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Best Pract Res Clin Rheumatol. 2016 Dec;30(6):1037-1049. doi: 10.1016/j.berh.2017.08.004. Epub 2017 Sep 30.

Understanding cultural influences on back pain and back pain research.

Author information

1
Musculoskeletal Division, The George Institute for Global Health, Sydney, Australia. Electronic address: nhenschke@gmail.com.
2
Institute of Medical Biostatistics, Epidemiology and Informatics, University Medical Center of the Johannes Gutenberg University Mainz, Mainz, Germany. Electronic address: Eva.lorenz@uni-mainz.de.
3
Institute of Medical Biostatistics, Epidemiology and Informatics, University Medical Center of the Johannes Gutenberg University Mainz, Mainz, Germany. Electronic address: pokora@uni-mainz.de.
4
Arthritis Research UK Primary Care Centre, Research Institute for Primary Care & Health Sciences, Keele University, United Kingdom. Electronic address: z.michaleff@keele.ac.uk.
5
Department of Physiotherapy, School of Allied Health Sciences, College of Health Sciences, University of Ghana, Ghana. Electronic address: jquartey@chs.edu.gh.
6
Pós-Graduação em Reabilitação e Desempenho Funcional, Universidade Federal dos Vales do Jequitinhonha e Mucuri, Diamantina, Brazil. Electronic address: viniciuscunhaoliveira@yahoo.com.br.

Abstract

Low back pain is highly prevalent and places a considerable burden on individuals, their families and communities. This back pain burden is unequally distributed around the world and within populations. Clinicians and researchers addressing back pain should be aware of the cultural, social and political context of back pain patients and how this context can influence pain perception, disability and health care use. Culture, which influences the beliefs and behaviour of individuals within a social group, could be considered an important contributor to the unequal distribution of back pain. However, there is paucity of high-quality research exploring the influence of culture on the experience and management of back pain. Further development and testing of specific tools, assessment methods and communication strategies are needed to improve our understanding of how cultural practices, values and identifications affect those dealing with back pain.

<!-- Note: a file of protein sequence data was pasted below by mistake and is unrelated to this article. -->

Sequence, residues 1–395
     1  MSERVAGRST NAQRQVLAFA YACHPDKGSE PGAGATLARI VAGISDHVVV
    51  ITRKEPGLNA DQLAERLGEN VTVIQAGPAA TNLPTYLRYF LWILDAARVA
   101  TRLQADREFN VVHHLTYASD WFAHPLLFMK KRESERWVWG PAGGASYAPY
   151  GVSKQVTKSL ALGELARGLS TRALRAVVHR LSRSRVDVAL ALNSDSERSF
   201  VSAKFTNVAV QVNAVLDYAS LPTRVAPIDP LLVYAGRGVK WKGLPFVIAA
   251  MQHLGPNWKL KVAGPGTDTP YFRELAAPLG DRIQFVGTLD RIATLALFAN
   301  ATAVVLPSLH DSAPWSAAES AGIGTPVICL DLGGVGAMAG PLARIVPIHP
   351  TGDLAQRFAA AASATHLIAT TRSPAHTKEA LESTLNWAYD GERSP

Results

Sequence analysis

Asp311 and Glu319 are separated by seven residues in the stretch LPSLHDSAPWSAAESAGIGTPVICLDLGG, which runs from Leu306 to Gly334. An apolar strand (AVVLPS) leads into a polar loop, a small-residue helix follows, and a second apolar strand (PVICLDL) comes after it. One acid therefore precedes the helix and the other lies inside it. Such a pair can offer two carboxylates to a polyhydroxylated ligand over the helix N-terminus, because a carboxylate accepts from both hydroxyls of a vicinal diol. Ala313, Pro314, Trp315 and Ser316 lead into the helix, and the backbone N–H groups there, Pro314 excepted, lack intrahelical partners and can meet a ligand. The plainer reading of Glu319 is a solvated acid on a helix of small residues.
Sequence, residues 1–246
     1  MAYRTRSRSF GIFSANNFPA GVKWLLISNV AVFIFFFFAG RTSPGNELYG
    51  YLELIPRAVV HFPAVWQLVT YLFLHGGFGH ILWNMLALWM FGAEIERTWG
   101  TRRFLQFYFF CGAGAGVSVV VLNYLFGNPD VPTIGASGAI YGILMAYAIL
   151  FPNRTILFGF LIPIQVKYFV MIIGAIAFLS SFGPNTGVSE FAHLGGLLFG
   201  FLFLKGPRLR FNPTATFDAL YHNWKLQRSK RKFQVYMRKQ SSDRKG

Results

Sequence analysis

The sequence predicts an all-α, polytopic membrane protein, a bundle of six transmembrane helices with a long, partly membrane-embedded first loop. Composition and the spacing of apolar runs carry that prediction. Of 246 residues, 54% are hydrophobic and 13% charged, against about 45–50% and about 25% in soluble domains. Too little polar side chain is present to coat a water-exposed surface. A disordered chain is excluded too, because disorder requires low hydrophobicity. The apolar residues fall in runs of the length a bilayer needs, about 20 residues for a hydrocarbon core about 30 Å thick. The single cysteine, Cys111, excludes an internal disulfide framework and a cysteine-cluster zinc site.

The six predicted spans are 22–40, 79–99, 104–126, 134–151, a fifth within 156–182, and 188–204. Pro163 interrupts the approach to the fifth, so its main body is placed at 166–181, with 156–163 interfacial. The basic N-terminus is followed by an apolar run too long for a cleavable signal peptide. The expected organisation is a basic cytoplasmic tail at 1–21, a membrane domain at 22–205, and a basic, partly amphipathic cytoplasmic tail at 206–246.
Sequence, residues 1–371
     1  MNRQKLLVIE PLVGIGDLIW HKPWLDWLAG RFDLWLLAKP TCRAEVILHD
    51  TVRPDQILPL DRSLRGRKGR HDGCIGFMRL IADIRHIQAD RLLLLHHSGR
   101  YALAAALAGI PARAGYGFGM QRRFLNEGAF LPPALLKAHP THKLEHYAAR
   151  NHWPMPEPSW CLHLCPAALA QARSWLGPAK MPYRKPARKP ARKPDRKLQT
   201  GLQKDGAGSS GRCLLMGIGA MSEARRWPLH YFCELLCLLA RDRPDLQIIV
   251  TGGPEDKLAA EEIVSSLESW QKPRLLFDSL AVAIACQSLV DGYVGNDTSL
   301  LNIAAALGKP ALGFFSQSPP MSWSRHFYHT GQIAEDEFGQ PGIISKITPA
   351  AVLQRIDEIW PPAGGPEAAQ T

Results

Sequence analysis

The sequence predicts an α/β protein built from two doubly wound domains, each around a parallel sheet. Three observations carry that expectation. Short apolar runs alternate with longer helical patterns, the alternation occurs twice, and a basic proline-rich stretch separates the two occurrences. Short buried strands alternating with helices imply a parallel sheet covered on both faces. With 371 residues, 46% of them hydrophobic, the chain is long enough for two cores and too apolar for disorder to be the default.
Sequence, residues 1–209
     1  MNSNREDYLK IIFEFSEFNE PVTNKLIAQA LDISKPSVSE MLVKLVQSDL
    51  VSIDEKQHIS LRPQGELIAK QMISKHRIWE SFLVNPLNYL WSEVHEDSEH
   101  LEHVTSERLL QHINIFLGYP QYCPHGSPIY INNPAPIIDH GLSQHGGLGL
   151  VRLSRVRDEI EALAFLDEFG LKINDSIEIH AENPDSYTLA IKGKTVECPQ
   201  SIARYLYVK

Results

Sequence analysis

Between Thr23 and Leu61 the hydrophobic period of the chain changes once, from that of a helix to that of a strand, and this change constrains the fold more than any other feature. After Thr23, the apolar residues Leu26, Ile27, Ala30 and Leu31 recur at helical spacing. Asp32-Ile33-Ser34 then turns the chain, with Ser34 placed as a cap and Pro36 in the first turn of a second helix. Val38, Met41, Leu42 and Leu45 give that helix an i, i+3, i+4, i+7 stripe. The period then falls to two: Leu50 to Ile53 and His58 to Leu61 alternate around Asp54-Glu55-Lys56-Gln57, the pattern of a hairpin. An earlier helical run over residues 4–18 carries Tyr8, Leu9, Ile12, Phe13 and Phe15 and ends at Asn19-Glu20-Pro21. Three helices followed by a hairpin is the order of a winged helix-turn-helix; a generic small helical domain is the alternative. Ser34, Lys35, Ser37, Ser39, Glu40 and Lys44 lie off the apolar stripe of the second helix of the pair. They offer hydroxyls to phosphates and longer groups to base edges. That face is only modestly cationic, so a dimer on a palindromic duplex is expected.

KEYWORDS:

Back pain; Culture; Ethnicity; Race; Social determinants

PMID:
29103548
DOI:
10.1016/j.berh.2017.08.004
[Indexed for MEDLINE]

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